gender equity

What do you stand for? Connected women at the NAB

Thanks to a couple of women at NAB for sharing great content and inspiration via linkedIn using my special formula. Love your work Genevieve and Johanna! 

Be sure to get involved in the conversation on LinkedIn. 

I loved speaking in front of an audience who really get involved.

Well done to the organising committee! And well done to those who implemented learning immediately.

The communication habits that can undermine women's power - DAILY LIFE

Thanks to Karina Lane - Daily Life, SMH & The Age for interviewing me.

NOVEMBER 12 2017

Article by Karina Lane

Article by Karina Lane

I'm pretty passionate about helping women into the C-suite, and sometimes it's our language and mannerisms that can get in the way. Firstly because they are different to those of the incumbent at times which can contribute to "exclusion" and secondly, because they've not been a problem before if you worked in mostly feminised industries or in lower level roles, so you may not know that there is any difference or what is going wrong.

Being able to sharpen all the tools in your leadership toolkit is awesome.  Language and communication habits fit in this toolkit. Sometimes it's as simple as one small change to a verbal habit and it can make ll the difference.

As someone heading into the C-suite, self awareness and personal development will be part and parcel of your journey. There are times when you need to acknowledge that another way might be more helpful.  

Thanks to Karina for interviewing me for her article in Daily Life.

 

"I spent years working on my confidence, and knew the ins and outs of assertive communication. I was all about girl power. Apologise for taking up space? Not this lady.
But then I read Tara Mohr's book Playing Big: Practical Wisdom for Women Who Want to Speak Up, Create and Lead. Mohr argues that women constantly diminish their power with speech habits that make us appear apologetic, surprised or even uncertain about what we're saying. This means our ideas and opinions are unappreciated and not valued."
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The Great Debate: It’s not about the money, money, money…

From the Broad Agenda Blog and published on 30 June 2017

Written By: Megan Deas

COMMENTARY:  Actually, it was all about the money at the AIM Great Debate Canberra on 23June 2017 when six strong, intelligent and passionate women from various backgrounds got together to debate whether equal pay will close the gender gap.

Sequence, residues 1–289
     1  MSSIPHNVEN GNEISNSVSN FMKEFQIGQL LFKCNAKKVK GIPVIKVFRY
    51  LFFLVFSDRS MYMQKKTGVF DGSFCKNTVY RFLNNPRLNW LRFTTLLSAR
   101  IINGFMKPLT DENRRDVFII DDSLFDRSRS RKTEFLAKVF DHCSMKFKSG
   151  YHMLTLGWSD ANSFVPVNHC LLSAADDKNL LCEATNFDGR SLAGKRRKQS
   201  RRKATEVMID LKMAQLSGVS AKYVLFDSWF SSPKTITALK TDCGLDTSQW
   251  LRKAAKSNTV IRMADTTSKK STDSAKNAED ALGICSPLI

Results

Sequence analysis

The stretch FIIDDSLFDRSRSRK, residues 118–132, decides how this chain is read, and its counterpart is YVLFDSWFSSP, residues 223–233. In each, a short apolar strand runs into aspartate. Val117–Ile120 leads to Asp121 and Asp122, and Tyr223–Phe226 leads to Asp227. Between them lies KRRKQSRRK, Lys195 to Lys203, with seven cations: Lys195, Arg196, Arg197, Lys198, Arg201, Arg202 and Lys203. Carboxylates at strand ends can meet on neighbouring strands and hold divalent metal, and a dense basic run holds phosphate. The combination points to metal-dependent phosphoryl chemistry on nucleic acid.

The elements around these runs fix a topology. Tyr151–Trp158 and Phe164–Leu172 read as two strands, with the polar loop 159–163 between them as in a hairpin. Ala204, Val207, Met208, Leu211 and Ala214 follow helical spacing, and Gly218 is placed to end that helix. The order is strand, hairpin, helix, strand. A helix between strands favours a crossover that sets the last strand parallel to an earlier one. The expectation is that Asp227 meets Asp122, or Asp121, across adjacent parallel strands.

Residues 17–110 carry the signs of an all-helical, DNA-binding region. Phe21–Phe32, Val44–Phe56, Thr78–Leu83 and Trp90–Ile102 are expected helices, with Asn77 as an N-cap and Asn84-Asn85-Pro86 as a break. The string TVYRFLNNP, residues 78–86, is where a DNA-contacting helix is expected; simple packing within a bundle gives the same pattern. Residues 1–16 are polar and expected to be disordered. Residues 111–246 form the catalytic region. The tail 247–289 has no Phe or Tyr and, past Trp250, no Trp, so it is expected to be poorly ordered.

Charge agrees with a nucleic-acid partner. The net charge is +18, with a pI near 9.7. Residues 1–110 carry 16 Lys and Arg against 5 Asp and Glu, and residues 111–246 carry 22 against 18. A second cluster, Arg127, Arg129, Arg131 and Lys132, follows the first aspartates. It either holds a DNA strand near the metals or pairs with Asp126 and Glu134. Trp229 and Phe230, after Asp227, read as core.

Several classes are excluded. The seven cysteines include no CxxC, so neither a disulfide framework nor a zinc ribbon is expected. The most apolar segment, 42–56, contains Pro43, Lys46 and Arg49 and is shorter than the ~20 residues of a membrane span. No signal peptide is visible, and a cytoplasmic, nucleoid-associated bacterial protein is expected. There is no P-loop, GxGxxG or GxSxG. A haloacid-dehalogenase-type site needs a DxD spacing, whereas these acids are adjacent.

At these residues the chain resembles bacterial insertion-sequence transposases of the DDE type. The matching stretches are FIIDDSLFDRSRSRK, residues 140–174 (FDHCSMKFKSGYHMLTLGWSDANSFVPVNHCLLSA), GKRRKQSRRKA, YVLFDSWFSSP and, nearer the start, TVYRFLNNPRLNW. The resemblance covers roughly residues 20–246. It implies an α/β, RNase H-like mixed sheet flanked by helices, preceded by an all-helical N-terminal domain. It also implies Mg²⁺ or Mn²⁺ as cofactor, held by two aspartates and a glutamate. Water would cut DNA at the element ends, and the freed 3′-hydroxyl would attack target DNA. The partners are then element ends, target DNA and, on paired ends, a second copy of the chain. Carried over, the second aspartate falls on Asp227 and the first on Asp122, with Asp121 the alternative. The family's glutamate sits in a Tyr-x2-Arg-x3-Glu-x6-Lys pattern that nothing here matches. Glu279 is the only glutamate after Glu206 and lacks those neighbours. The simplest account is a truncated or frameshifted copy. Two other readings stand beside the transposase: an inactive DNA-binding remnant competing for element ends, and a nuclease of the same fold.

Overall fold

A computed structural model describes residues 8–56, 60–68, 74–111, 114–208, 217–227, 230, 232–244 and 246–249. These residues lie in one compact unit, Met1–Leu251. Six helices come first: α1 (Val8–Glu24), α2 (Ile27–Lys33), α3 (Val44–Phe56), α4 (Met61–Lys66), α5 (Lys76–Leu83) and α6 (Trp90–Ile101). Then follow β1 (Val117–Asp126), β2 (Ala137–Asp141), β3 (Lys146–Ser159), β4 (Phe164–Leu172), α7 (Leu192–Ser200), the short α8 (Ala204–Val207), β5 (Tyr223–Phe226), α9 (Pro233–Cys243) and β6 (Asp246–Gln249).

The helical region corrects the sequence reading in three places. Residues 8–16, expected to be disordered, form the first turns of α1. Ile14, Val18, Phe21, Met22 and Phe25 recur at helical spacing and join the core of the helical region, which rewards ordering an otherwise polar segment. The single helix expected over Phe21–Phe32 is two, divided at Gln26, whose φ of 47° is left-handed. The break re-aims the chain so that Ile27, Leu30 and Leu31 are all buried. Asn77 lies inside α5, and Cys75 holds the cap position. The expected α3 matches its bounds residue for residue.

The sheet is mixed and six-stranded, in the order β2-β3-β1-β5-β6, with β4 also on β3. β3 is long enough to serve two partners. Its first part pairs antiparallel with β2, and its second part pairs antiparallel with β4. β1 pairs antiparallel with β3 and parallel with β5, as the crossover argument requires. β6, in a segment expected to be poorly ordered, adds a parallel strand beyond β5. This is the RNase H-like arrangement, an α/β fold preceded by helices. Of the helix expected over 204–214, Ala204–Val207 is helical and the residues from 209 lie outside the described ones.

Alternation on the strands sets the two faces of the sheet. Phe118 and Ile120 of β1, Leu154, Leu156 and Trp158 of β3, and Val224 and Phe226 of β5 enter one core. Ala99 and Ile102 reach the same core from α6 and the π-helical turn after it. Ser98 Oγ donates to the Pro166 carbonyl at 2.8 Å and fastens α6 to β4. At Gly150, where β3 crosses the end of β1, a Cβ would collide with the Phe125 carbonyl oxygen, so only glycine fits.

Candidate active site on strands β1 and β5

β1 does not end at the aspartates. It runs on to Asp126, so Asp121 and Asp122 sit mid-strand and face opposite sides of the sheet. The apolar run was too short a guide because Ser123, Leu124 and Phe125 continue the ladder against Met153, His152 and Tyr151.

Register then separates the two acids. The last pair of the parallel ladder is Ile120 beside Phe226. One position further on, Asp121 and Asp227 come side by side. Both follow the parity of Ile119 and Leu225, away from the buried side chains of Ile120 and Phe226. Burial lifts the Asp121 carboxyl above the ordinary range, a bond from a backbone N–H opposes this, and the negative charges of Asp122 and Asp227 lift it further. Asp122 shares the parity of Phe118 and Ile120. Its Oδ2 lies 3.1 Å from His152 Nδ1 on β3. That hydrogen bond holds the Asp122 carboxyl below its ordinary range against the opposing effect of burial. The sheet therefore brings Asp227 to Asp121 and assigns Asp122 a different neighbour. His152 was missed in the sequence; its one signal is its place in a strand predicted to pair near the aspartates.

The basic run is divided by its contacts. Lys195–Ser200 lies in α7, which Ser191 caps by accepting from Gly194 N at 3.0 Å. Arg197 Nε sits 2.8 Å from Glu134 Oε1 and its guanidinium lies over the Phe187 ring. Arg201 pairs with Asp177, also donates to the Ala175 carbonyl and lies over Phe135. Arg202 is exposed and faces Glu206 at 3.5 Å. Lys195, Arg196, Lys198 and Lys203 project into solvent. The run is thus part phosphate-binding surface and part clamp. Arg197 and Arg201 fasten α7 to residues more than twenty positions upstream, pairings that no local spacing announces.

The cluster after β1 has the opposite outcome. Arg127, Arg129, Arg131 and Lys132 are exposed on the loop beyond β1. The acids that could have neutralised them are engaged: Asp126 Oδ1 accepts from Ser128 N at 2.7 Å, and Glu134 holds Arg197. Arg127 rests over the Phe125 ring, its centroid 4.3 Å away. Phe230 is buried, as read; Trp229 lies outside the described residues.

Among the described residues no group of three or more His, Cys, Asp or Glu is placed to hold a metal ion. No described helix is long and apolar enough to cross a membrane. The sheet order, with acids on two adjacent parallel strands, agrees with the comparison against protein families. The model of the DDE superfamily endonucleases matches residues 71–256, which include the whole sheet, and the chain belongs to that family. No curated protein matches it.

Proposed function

With great wit and light-hearted banter, the panellists kept the audience entertained while providing evidence for both sides of the pay gap argument. A friendly and fun debate, the sense of camaraderie was evident on the podium, with zingy one-liners as the only daggers fired.

We here at BroadAgenda naturally love us a good debate, and were more than happy to cheer our Chief Editor Virginia Haussegger AM on as she joined forces with the negative team. Here’s our recap of the day.

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SMH 2015 - Annabel Crabb: I'm proud to be a feminist despite my regular lapses

From time to time I find articles that express the sentiments in my community, or that answer some of the questions my readers are asking. Here are the links to the source.

Thanks to Sydney Morning Herald, MARCH 7 2015 and Annabel Crabb for this gem.

 

I'm Proud to be a Feminist Despite my Regular Lapses

"Feminism is messy and imperfect, and has people you love, as well as people you can't stand.

I am a feminist because to be one seems perfectly obvious and reasonable to me. I am a feminist because it bothers me that women are more than 50 per cent of the population and more than 60 per cent of university graduates but somehow only 3 per cent of chief executives. I am a feminist because it bothers me that a woman gets killed by her male partner every single week, and somehow that doesn't qualify as a tools-down national crisis even though if a man got killed by a shark every week we'd probably arrange to have the ocean drained. I am a feminist because it bugs me that "working mum" is a phrase I hear every day but I never hear "working dad"."

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What’s really holding women back when it comes to money

As I prepare for the AIM Great Debate in Canberra on closing the gender salary gap on 23 June 2017 I've been looking at the economics of gender.  Our team is researching and exploring the data and arguments for both sides of the coin - Whether closing the gender salary gap will close the gender gap itself. I'm on the negative.

There is so much to explore including -

  • The data around the gender salary gap,
  • Bias, gender stereotypes and negotiating,
  • Is the gender gap all about money?
  • Where else might women be penalised purely as a result of gender including the tax on being female (products for women that are more expensive and GST on feminine hygiene products)
  • Domestic violence,
  • Career choices,
  • Career breaks,
  • What happens industries or sectors become feminised,
  • Representation of women in positions of power including public, NFP and
  • And the superannuation gender salary gap - the legacy that takes years to emerge.
Money, power and freedom by Dr Richard Denniss

The link below contains excellent information from a speech that the Dr Richard Denniss, Chief Economist at The Australia Institute, gave for the Breakthrough 2016 event on what’s really holding women back when it comes to money.  

Thanks to The Victorian Trust for their article The Three Big Lies Holding Women Back.

"Denniss’ keynote address breaks down the untruths we’re sold about women’s economic security. In short—the time for research and data collection is over—we need action!"

 

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(You won't be disappointed.)